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J Feline Med Surg. 2015 May;17(5):417-26. doi: 10.1177/1098612X15581135.

Periodic hypokalaemic polymyopathy in Burmese and closely related cats: a review including the latest genetic data.

Author information

1
Centre for Veterinary Education, B22, The University of Sydney, New South Wales, Australia richard.malik@sydney.edu.au.
2
The Cat Clinic, Creek Road, Mount Gravatt, Queensland, Australia.
3
Southern Animal Referral Centre and Emergency Centre, 248 Wickham Road, Highett, Victoria, Australia.
4
North Shore Veterinary Specialist Centre, 64 Atchison Street, Crows Nest, New South Wales, Australia.
5
Veterinary Genetics Laboratory, 980 Old Davis Road, University of California, Davis, CA, USA.
6
Langford Veterinary Services, The University of Bristol, UK.
7
College of Veterinary Medicine, University of Missouri, USA.

Abstract

GLOBAL IMPORTANCE:

Hypokalaemic polymyopathy is a genetic disease of Burmese cats that has been encountered in Australasia, Europe and South Africa.

CLINICAL FEATURES:

Affected cats usually present with signs of muscle weakness and muscle pain in the first year of life. Although certain clinical features, such as ventroflexion of the head and neck, are especially characteristic, some cats do not display these signs. Usually weakness is periodic or episodic, but occasionally it is incessant.

DIAGNOSTIC CHALLENGES:

In the past, diagnosis was problematic in that clinical signs and a lowered serum potassium concentration were not always observed synchronously. This necessitated serial serum potassium concentration determinations, testing of serum creatine kinase activity and exclusion of other potential causes of muscle disease in cats (including muscular dystrophies, Toxoplasma myositis, immune-mediated polymyositis, organophosphorus intoxication and envenomations). Signs in affected cats often waxed and waned, possibly in response to changes in dietary factors and stress, and some cats could apparently 'grow out of' the condition.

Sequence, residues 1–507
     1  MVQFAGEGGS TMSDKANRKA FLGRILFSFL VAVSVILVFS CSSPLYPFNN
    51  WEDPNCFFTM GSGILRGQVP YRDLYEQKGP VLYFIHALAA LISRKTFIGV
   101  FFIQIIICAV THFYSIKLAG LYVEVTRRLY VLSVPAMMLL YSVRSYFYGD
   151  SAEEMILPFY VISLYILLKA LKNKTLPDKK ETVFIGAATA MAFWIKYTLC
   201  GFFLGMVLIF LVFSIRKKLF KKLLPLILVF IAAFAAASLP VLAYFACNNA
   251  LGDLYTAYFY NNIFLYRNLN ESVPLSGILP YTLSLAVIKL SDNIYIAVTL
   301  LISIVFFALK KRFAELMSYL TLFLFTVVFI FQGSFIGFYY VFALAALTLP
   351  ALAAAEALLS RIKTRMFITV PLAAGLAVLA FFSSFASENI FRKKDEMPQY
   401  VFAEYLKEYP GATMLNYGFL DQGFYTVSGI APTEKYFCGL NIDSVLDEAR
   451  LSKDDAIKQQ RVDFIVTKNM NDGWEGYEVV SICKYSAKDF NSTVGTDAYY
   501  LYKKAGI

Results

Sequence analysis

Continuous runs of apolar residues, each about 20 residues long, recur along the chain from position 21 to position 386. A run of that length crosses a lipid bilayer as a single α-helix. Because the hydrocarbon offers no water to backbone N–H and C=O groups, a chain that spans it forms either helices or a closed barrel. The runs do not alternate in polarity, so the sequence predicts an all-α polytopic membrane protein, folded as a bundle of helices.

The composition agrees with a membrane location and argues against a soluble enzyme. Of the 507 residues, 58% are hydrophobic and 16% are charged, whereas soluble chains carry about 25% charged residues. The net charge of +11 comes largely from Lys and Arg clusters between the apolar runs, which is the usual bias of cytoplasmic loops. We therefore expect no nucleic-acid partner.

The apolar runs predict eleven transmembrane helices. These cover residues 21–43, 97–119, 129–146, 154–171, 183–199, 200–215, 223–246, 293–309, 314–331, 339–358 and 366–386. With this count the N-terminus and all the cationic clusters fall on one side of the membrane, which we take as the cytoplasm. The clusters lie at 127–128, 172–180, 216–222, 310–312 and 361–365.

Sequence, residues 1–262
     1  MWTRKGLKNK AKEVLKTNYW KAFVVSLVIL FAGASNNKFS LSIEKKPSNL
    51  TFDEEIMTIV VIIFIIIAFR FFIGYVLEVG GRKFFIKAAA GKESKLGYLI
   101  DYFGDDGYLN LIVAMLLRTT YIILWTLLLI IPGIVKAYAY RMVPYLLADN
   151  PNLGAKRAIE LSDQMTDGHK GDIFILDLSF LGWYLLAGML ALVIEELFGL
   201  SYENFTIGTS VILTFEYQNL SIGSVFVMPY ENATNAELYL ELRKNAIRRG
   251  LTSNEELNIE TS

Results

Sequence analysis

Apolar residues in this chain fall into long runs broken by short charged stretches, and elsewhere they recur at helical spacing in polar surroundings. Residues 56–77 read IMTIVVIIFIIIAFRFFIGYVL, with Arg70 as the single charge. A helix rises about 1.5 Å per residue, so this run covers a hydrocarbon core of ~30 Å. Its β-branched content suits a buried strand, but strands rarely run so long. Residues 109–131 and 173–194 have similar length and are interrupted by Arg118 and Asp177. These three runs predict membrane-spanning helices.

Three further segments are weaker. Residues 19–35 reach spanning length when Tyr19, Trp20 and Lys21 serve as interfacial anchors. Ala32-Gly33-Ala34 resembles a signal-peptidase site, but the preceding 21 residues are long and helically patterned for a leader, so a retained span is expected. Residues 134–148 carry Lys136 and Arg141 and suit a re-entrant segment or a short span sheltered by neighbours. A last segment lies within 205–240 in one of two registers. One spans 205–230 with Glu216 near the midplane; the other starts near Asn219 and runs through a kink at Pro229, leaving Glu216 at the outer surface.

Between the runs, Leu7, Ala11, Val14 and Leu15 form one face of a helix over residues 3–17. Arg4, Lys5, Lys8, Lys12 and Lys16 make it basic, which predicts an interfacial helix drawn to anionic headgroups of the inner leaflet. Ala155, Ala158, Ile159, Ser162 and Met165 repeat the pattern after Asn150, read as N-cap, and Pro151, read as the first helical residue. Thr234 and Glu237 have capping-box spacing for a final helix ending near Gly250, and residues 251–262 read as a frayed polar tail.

RECENT ADVANCES AND FUTURE PROSPECTS:

Recent molecular genetics research has identified a single nonsense mutation in the gene (WNK4) coding for lysine-deficient 4 protein kinase, an enzyme present primarily in the distal nephron. The underlying pathomechanism in affected cats is therefore likely to be a potassium wasting nephropathy, as this enzyme is involved in complex sodium/potassium exchange mechanisms in the kidney. Additional functional characterisation of the condition is warranted to define precisely how, why and when the serum potassium concentration declines. The diagnosis of Burmese hypokalaemia is now straightforward, as an inexpensive PCR test can identify affected homozygous individuals, as well as carriers. The elimination of this condition from the Burmese breed, and also from pedigree cats infused with Burmese lines, such as the Bombay, Tonkinese and Tiffanie breeds, should therefore be possible.

PMID:
25896241
DOI:
10.1177/1098612X15581135
[Indexed for MEDLINE]

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